Cooley litigators locked in a win on behalf of Fastly, a cloud platform that processes data for thousands of companies around the world, its CEO, and former CFO, in a securities class action filed in the United States District Court for the Northern District of California. The diverse Cooley team, located in Palo Alto, consisted of partner Jessica Valenzuela Santamaria and associates Brett De Jarnette, Janelle Fernandes and Angelica Leo. Jessica Valenzuela Santamaria handled the oral argument on the motion to dismiss.


The case arises from Former President Trump’s August 2020 Executive Order purportedly banning any transaction between U.S. companies and social media app, TikTok (owned by Chinese company ByteDance).  Specifically, the plaintiff claims that Fastly misled investors in May 2020 by making positive statements about its demand and large customers, while not disclosing that TikTok was a major customer, and was facing heightened regulatory scrutiny by the U.S. government.  He contends that Fastly revealed the “truth” in August 2020 (notably before President Trump issued his order), when it disclosed that TikTok was Fastly’s largest customer in the second quarter.  Plaintiff also alleges that Fastly continued to mislead investors in August by assuming that TikTok traffic would remain status quo in the third quarter and by stating its belief that it could backfill any lost traffic.  Ultimately, Fastly missed its third quarter revenue guidance.  The plaintiff’s complaint relied on numerous third-party articles to purportedly show that the U.S. government considered TikTok to be a national security threat in May 2020.  It similarly cited post-class period analyst reports supposedly showing that TikTok had begun shifting traffic away from Fastly before August 2020.

The Dismissal

On November 23, 2021, United States Senior District Judge Phyllis J. Hamilton dismissed the complaint with leave to amend.  The key arguments on the motion to dismiss – and the basis for the Court’s dismissal order – was that plaintiff failed to adequately allege that any defendant made a false or misleading statement, and that no defendant intended to defraud investors.  With respect to the May 2020 statements, the Court held that “Defendants disclosed the very risk plaintiff alleges they concealed: that possible U.S. bans on Chinese companies ‘posed a material risk to Fastly’s revenues.’  [ ]  Fastly noted even before the class period that nearly 30% of its revenue was at risk because of the U.S. government’s expressed concerns regarding Chinese businesses.”  Similarly, the Court found the August 2020 statements inactionable because Fastly warned investors that customer traffic was unpredictable and could not be guaranteed.  Further, the “media plaintiff cites regarding TikTok’s diversification of its traffic are thin on specifics and provide no information regarding a specific reduction in TikTok’s use of Fastly’s services.”  The Court also found that many of the statements in both time periods were protected by the Private Securities Litigation Reform Act’s safe harbor for forward-looking statements, were accurate historical statements, or were non-actionable statements of corporate optimism.  The Court also rejected all of plaintiff’s scienter arguments, finding no compelling inference that any defendant had an intent to defraud.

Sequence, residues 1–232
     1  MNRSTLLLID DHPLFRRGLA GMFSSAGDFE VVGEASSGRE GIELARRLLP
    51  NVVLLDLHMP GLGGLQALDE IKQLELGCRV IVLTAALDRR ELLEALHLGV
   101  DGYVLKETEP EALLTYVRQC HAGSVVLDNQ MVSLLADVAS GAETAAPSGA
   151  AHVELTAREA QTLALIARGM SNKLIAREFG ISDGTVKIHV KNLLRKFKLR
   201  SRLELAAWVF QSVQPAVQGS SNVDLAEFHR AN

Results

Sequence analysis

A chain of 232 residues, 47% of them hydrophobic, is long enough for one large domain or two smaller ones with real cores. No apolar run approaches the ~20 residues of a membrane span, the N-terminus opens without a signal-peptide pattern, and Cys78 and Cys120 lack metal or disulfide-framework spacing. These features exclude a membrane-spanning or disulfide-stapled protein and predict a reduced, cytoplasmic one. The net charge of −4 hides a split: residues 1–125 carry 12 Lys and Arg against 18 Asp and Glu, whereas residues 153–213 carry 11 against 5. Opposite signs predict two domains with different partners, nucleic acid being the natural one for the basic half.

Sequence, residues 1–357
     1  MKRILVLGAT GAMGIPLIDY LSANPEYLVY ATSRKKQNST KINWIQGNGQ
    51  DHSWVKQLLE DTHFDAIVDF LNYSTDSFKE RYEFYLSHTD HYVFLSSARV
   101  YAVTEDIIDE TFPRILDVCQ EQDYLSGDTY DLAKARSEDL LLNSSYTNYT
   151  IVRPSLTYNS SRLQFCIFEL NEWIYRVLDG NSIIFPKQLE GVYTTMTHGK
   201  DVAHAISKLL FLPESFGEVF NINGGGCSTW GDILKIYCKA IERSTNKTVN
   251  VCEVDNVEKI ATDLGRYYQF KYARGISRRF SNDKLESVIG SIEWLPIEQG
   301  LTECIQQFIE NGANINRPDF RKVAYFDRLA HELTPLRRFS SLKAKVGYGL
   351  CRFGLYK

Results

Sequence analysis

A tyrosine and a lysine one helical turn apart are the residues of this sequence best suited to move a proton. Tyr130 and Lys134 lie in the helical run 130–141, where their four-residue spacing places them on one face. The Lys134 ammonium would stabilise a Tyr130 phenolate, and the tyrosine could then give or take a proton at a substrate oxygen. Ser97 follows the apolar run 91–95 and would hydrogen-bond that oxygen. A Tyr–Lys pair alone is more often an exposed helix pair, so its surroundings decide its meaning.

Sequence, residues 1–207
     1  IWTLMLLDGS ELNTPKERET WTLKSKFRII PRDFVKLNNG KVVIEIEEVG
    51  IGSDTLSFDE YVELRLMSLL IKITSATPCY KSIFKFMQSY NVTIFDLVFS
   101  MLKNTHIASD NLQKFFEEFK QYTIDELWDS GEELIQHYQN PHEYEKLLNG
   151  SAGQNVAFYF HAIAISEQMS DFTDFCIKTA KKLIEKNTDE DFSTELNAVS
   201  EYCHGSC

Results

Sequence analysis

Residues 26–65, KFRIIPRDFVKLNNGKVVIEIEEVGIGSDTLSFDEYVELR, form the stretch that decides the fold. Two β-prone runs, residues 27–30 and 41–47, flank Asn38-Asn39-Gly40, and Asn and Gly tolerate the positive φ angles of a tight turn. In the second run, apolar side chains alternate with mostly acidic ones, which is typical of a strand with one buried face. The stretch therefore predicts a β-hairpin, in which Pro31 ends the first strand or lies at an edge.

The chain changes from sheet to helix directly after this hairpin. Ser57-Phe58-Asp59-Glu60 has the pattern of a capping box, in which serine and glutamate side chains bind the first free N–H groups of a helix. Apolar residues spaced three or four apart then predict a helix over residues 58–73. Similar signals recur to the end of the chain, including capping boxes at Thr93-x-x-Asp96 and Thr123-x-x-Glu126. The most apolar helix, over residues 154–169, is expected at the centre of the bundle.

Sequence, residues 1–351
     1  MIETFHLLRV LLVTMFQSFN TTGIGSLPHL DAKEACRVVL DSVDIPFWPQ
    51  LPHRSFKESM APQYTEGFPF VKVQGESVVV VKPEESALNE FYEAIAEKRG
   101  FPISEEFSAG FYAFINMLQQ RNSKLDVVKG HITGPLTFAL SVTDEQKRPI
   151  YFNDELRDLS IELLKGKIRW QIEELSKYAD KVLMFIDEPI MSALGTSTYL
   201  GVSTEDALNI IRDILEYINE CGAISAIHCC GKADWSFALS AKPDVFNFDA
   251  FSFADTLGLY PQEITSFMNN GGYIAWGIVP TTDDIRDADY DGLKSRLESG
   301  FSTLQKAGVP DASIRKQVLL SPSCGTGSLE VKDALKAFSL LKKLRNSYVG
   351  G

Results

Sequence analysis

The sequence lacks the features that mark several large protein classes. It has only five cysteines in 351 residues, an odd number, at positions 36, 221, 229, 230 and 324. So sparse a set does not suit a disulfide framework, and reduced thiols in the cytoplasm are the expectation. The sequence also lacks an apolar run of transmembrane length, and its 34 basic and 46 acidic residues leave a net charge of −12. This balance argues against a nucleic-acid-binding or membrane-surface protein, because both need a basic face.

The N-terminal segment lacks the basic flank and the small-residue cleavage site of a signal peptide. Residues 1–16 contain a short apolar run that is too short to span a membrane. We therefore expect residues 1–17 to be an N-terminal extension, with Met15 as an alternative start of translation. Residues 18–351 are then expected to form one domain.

This is an important decision confirming that there is no affirmative duty to disclose information under the federal securities laws.  There is only a duty to disclose if a defendant touts its business in a manner that is inconsistent with the purportedly omitted information.  The decision also makes clear that a plaintiff cannot plead a securities fraud claim based on an omission theory where the defendant discloses the risk that was purportedly concealed.  It is not enough for a plaintiff to claim that additional details about the disclosed risk could have been disclosed without explaining how such details were inconsistent with the disclosed risk.  Moreover, the decision reiterates that hindsight speculation based on conclusory third-party articles and analyst reports is insufficient to establish a securities fraud claim.  Instead, plaintiffs must plead particularized facts demonstrating that the challenged statements were false or misleading, and that each defendant made such statements with the intent to defraud investors.


Brett De Jarnette
Janelle Fernandes

Posted by Brett De Jarnette and Janelle Fernandes